Monday, 8 June 2015

Digital HR




There's an interesting article in HR Magazine today suggesting that organisations are at risk from a digital delusion which is about seeing "digital as a synonym for technology and therefore about HR systems."

I think the point is a good an important one - 'digital' is hard to understand.  I agree it's not just about technology, but then if it's not, what is it about?

Well I'm going to be blogging on this later on today, but it's worth emphasising that one thing it's not is HR systems!

A few years ago I blogged here about different levels of HR technology based upon the value triangle I use as the basis for a lot of my consulting and training.

Whereas value for money technology focuses on data for HR (HR systems!) and added value systems looks at information and automation for managers, creating value engages and enables employees:
"In creating value, value comes from the organisation’s employees, rather than how these people can be managed to meet existing business needs.  Technology can create value by pointing to particular potentially valuable capabilities, but it is more likely to have this impact by helping employees to increase the value they can provide. 
This is why I’m so interested in social and mobile technologies – they get beyond HR’s system of record and the line manager focused talent management system to actually increase employee contribution.  So for example, a social performance management system can help employees get feedback from the people they work with, to share the reviews with these people and to participate in a review of a whole team.  It helps them take ownership of their own review and hence is likely to have more impact on their performance.  Of course, social technologies aren’t the only way of doing this – for example, I was involved in a self rostering system for train operating company staff a good ten year ago which had much of the same effect.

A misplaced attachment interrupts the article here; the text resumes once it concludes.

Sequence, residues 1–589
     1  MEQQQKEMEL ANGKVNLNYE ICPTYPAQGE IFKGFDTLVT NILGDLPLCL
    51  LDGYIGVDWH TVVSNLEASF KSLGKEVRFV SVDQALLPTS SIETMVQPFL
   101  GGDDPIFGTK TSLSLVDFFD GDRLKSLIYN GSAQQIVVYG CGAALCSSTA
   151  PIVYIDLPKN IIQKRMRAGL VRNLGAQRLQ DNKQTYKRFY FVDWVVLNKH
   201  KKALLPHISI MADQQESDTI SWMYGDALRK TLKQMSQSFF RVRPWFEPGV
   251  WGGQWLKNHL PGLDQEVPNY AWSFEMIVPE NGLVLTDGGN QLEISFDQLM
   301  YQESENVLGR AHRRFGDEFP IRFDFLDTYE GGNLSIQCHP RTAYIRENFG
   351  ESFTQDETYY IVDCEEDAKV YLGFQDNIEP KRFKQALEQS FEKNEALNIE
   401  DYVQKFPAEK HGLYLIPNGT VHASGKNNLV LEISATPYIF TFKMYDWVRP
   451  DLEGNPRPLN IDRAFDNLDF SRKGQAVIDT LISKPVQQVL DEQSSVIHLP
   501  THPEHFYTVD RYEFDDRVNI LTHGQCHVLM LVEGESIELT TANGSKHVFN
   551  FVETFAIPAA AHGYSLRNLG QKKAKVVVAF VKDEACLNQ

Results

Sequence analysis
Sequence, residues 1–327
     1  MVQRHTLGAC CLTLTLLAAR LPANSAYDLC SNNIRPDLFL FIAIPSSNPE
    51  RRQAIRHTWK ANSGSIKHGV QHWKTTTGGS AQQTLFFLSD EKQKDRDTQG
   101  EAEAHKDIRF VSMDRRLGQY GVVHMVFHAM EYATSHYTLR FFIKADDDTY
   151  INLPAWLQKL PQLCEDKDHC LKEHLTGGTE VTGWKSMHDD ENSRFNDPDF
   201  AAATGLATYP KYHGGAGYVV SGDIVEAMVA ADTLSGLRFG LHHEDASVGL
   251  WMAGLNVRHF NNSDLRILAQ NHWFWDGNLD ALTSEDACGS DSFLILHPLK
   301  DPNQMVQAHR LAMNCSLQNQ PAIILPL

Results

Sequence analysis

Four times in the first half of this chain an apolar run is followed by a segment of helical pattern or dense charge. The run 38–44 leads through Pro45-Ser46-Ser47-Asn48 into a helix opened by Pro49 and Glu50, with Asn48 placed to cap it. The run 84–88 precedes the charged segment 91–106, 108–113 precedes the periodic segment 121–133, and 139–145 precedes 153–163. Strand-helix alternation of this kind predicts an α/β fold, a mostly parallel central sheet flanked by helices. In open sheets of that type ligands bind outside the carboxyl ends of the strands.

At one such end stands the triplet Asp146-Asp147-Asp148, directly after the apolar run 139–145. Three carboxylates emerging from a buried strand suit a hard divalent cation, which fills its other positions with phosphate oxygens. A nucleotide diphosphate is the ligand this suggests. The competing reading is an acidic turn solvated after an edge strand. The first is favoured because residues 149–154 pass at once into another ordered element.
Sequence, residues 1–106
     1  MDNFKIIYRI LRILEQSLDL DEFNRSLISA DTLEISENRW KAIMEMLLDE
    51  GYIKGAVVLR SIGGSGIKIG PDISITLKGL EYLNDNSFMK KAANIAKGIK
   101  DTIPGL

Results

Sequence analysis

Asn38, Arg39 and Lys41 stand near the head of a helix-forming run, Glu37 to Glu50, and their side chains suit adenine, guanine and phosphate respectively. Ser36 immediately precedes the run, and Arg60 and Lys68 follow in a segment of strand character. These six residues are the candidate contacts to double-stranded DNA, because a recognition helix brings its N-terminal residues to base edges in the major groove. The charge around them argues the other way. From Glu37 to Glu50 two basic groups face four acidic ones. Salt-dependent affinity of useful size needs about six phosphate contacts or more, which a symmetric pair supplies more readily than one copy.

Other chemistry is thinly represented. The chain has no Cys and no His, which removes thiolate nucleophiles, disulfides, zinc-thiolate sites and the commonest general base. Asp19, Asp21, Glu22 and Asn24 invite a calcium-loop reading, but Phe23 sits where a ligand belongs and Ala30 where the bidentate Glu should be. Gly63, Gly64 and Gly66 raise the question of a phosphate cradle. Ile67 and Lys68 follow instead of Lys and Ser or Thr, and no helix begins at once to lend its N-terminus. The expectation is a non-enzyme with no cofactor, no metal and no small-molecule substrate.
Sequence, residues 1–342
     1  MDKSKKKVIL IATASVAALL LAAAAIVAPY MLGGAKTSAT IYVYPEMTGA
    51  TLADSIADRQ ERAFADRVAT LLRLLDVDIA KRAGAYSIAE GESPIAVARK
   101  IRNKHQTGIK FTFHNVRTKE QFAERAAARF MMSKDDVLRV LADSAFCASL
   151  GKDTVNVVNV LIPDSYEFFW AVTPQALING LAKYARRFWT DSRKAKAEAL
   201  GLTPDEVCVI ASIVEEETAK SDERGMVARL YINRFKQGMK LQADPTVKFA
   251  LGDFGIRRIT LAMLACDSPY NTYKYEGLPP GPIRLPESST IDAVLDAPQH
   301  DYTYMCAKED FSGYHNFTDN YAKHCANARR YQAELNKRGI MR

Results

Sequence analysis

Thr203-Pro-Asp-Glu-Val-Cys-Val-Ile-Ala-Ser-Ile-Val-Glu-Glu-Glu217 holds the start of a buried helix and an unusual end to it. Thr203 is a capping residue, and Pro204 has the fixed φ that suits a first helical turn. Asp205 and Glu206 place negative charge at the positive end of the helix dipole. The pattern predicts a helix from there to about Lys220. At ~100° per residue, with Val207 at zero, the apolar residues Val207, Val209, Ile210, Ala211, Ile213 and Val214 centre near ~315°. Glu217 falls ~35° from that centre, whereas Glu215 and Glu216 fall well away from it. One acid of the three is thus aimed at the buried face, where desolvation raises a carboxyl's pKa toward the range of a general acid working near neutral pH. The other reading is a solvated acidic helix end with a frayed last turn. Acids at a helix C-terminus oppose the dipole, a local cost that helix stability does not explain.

You can identify opportunities for creating value from technology by focusing on the people in the organisation – their engagement, capabilities and other aspects of their human and social capital – and thinking about how these capabilities can be extended. 
This is why I’ve been commenting on the need to focus on people and behaviours, not on technologies or tools."


This is the basic insight we need to hold in mind in understanding digital business and digital HR.  Digital business / HR is about technology for people and teams, not to improve management or HR data.  And because it's for people and teams, it immediately becomes more complex than any other areas of technology we'll be more used to, eg HR systems.

The tendency then, as the article suggests, is to assume that digital is about everything we're seeing in today's business world eg fast pace, omi channel, flat / flexible structures etc (from the article) - which of course it can be.  But broadening the definition out this far renders the term to be largely meaningless and reduces the chance that organisations will do anything about it.

So we still need a way of thinking about digital which isn't just about the technology but also doesn't incorporate the whole world of business.


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